The Balance Between Authenticity and Creativity

What does it mean to live authentically? To me it means finding comfort with the choices you make in your life. But that isn’t always an easy thing to do.

As I wrote in my published essay “The Truth About Spam,” what we think of as inauthentic can actually represent its own truth. (A link to the essay can be found under the “Writing Samples” tab.)

The artists I interviewed on my cross-country road trip ranged dramatically in their level of what we might call “professional” success. Most of them were not fully supporting themselves with their art. Even among those who did, the artist was on some level chasing the market, seeking a balance between what her muse wanted to do and what she knew could sell.

What these creatives did have in common was an understanding that it is important to live authentically. With their creativity, they did so by being willing to lend their artistic talents to projects that might not have been their first choice, but were ones they were comfortable with morally and philosophically.

How do we as creatives know when we should compromise and when we should stand firm? Unfortunately that is a question that only we can answer for ourselves. But after much reflection on this subject in my own life, I believe I have come up with four principles that can guide us more broadly.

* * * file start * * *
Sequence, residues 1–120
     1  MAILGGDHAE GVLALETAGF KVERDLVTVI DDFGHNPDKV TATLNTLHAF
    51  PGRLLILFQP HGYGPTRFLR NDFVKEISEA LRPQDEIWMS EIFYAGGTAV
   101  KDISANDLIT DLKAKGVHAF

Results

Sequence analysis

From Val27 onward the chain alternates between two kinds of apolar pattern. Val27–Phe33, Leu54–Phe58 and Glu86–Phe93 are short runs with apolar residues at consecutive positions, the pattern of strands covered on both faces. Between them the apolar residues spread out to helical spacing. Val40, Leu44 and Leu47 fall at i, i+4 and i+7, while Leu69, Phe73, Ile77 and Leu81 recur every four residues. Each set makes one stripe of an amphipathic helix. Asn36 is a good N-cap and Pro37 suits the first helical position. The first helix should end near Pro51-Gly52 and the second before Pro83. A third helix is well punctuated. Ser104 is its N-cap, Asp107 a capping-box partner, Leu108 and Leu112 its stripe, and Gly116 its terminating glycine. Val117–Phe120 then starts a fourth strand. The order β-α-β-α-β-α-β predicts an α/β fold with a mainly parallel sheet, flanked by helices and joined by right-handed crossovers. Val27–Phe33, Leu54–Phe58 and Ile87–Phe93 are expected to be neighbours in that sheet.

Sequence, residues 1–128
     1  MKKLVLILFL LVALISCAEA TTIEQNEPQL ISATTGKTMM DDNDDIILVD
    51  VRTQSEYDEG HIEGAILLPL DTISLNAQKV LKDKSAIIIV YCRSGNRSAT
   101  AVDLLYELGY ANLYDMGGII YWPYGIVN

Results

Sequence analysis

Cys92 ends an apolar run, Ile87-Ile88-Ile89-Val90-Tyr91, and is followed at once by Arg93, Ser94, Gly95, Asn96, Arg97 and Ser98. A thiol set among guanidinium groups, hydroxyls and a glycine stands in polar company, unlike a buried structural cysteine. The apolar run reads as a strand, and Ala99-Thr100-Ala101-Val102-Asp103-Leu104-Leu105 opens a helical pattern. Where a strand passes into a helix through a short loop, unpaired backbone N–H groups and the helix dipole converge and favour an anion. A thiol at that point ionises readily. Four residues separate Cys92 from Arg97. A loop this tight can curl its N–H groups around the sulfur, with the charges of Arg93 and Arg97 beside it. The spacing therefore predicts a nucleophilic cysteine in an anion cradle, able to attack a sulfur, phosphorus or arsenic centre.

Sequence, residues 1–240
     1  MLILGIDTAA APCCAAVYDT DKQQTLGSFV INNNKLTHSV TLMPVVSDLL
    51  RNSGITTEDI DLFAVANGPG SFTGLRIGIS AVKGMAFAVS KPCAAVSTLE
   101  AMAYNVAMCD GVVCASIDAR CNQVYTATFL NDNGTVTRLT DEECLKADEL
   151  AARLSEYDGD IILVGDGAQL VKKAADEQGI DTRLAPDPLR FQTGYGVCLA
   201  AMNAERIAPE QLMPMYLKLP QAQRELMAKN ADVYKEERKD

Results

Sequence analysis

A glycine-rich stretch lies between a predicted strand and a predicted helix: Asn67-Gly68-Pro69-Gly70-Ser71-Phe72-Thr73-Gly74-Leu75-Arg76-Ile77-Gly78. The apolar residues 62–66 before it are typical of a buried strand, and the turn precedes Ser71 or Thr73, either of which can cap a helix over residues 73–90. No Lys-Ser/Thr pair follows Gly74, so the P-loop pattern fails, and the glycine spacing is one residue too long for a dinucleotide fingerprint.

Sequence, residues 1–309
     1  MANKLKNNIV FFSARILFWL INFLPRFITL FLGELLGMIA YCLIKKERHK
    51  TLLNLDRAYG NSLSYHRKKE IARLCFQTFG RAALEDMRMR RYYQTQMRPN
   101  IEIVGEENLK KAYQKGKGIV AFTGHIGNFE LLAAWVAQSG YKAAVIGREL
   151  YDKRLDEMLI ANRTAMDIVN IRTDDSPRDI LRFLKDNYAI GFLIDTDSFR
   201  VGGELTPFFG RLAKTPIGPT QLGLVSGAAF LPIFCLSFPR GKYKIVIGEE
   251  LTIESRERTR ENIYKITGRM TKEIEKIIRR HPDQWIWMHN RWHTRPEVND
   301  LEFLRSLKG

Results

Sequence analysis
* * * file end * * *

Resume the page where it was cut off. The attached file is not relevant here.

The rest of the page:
• Know your limits. If you are a talented writer seeking freelance work and you are approached by the National Rifle Association, you would, presumably, decline the offer. That seems clear on its face, but as any freelancer knows, turning down a client means turning down money. That is not easy. But it is easier to live with our muse–and ourselves–if we don’t betray our core selves.
  • Be flexible. The example above was black and white, but life’s choices are rarely so stark. A writer who says no to any offer that doesn’t truly speak to her passion, values, and desire for creative control likely won’t receive many solicitations. The Dutch Masters produced portraits because their paying customers were the bourgeoisie. Some of the finest Renaissance works depict Christ because the paying client was the Catholic Church. Rembrandt and Michelangelo took the gigs offered to them, and produced lasting art within the confines of those gigs.
  • Go easy on yourself. It’s hard to compare ourselves to Michelangelo when we are writing a press release instead of the Great American Novel. But if we bring the same level of pride to each of those tasks, we are living authentically. That is something to celebrate.